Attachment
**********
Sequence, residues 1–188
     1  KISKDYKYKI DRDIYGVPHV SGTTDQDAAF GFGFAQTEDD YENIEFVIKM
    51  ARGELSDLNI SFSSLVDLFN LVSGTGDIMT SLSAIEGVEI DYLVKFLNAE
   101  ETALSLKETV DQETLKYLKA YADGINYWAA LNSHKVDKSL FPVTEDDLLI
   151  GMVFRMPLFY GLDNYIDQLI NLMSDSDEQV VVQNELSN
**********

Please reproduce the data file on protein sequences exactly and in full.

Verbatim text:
Sequence, residues 1–188
     1  KISKDYKYKI DRDIYGVPHV SGTTDQDAAF GFGFAQTEDD YENIEFVIKM
    51  ARGELSDLNI SFSSLVDLFN LVSGTGDIMT SLSAIEGVEI DYLVKFLNAE
   101  ETALSLKETV DQETLKYLKA YADGINYWAA LNSHKVDKSL FPVTEDDLLI
   151  GMVFRMPLFY GLDNYIDQLI NLMSDSDEQV VVQNELSN